Get a photo of your best friend in Winslow, Arizona! Standin’ on the Corner Park commemorates the song “Take It Easy,” the Eagles first big hit, which was written by Jackson Browne and Glenn Frey and released in 1972. The song includes the verse “Well, I’m a standing on a corner in Winslow, Arizona and such a fine sight to see. It’s a girl, my Lord, in a flatbed Ford slowin’ down to take a look at me.”
Flagstaff has so many pet friendly things to do, you could easily spend days exploring them all! Start at the visitor center, where pets are welcome, and pick up free self-guided walking tours maps of downtown. Choose from the public art tour, the Route 66 tour, and the “Haunted Flagstaff” tour – or enjoy all three!
Flagstaff boasts a couple nice dog parks where your pup can romp with the locals, and then plan to hit the brewery trail together. With a growing reputation as Arizona’s craft brew city, five of the eight breweries also serve good food, and your furry travel buddy is welcome at them all.
Before jumping back on historic Route 66 and continuing west, consider making a side trip to the Grand Canyon. Just 80 miles north of Flagstaff, it would be a shame to be so close and miss one of the most pet friendly national parks!
READ MORE ⇒ Visiting the Grand Canyon With Pets
The Mojave National Preserve covers a vast 1.6 million acres of diverse desert terrain. From rose-colored sand dunes that are said to sing, to volcanic cinder cones and Joshua Tree forests, the landscape is rugged and beautiful.
For an opportunity to experience the Mojave, make your way to Hole-in-the-Wall Information Center where you can pick up trail maps and choose from nearby trails. From an easy walk on the nature trail, to an 8-mile one-way maze through washes decorated with barrel and cholla cacti, there are options for people of all abilities.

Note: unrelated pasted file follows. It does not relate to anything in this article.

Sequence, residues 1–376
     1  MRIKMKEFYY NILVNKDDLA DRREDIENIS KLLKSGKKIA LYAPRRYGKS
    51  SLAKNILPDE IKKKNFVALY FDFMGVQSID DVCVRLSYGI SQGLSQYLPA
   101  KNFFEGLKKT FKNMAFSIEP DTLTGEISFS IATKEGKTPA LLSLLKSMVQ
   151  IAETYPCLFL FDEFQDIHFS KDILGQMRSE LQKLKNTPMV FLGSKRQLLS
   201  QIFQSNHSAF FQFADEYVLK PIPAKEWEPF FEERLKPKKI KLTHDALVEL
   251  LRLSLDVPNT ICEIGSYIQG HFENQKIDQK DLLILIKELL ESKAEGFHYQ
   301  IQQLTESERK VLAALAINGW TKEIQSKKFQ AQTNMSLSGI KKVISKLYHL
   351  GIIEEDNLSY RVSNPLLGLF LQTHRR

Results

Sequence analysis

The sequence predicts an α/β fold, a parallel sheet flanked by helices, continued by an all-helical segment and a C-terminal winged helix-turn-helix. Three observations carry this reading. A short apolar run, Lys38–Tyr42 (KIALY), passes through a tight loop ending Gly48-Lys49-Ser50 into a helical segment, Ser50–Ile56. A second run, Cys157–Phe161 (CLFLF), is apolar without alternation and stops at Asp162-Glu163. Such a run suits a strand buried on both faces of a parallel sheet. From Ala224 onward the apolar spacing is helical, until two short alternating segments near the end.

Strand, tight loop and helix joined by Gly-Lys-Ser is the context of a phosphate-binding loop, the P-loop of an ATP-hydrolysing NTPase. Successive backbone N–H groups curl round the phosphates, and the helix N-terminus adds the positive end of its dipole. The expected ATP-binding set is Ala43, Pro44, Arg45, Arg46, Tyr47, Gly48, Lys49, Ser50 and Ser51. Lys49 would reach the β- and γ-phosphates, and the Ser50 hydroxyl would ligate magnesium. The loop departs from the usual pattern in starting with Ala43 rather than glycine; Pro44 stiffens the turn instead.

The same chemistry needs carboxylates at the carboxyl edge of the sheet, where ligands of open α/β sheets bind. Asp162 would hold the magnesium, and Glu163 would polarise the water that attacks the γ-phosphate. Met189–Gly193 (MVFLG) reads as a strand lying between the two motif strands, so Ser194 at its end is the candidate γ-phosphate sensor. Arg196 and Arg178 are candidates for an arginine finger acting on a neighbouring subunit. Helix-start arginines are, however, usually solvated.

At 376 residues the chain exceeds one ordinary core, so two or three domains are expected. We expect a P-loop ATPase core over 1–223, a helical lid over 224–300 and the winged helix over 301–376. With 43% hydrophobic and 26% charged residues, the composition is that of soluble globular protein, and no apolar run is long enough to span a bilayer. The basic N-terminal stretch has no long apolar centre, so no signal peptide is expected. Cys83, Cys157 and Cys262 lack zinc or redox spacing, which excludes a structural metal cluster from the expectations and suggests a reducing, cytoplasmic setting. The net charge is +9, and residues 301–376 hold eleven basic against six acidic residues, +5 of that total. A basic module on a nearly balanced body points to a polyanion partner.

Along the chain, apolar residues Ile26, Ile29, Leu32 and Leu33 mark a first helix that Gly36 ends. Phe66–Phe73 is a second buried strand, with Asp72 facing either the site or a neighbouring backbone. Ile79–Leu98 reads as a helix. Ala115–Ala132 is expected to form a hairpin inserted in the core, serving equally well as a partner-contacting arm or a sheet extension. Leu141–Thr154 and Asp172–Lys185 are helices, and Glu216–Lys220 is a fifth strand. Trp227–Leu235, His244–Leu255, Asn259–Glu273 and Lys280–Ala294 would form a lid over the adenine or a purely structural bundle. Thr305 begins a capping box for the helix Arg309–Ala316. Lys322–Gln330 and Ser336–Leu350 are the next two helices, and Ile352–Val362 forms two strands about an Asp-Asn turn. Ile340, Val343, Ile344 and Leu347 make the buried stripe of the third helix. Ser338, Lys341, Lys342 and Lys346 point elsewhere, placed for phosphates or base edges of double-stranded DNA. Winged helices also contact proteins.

Pets on leashes no longer than six feet are welcome to explore the Mojave National Preserve with you. The only place pets aren’t allowed is in the buildings. If you do take a hike, pack plenty of water for your and your pet, and keep him leashed at all times to protect him from harmful plants and wildlife.
Calico was a mining town that sprung up in 1881 during the largest silver strike in California. With its 500 mines, the town produced over $20 million in silver ore over a 12-year span. But when silver lost its value in the mid-1890’s, Calico died and became a “ghost town.”
In the 1950’s, Walter Knott purchased Calico and restored all but the five of the original buildings to look as they did in the 1880’s. Today the town is part of the San Bernardino County Regional Parks system and welcomes people from around the country and all over the world.
You and your pet are welcome to explore Calico Ghost Town’s history and attractions, as well as the shops and restaurants. They also offer a campground, if you and your pets don’t mind sleeping in a ghost town!
Another of the three remaining teepee villages built by Frank Redford, the San Bernardino location was completed in 1949. Nineteen “wigwams” stand 32 feet high, surrounded by plenty of space for stretching your legs. Pets are welcome.
With more than 4,200 acres, Griffith Park is the largest municipal park with urban wilderness in the United States. Exploring the rugged hills is a popular activity, and hikers and their leashed pets are welcome to use the entire 53-mile network of trails, fire roads, and bridle paths.
If you only have time for one hike, head up the Mount Hollywood trail from the Griffith Observatory parking lot. It offers the best views of Los Angeles and the Hollywood sign. Stop in the ranger station for a trail map, current trail conditions, and information about any special restrictions before you head out. Also remember that you’ll be sharing the area with wildlife, including foxes, coyotes, rattlesnakes and deer. So, please pick up after your pets and leave the area as you found it.
Route 66 ends at the Santa Monica Pier, a wonderful place for you and your furry travel buddy to celebrate the completion of your road trip. Having celebrated its Centennial on September 9, 2009, it’s one of California’s oldest pleasure piers.
Get a photo with the “End of Route 66” sign, and then have fun exploring the pier. With a carousel, an arcade, an amusement park, a trapeze school, restaurants, and a summer outdoor concert series, the Santa Monica Pier offers a wide range of activities for the whole family. Check their Events page to make plans for your visit.
This trip along Route 66 covers 2,312 miles of pure Americana, giving your and your pets a unique opportunity to see the heart of the country. To experience all Route 66 has to offer, plan to spend at least two weeks enjoying the sights.
Other Iconic Road Trips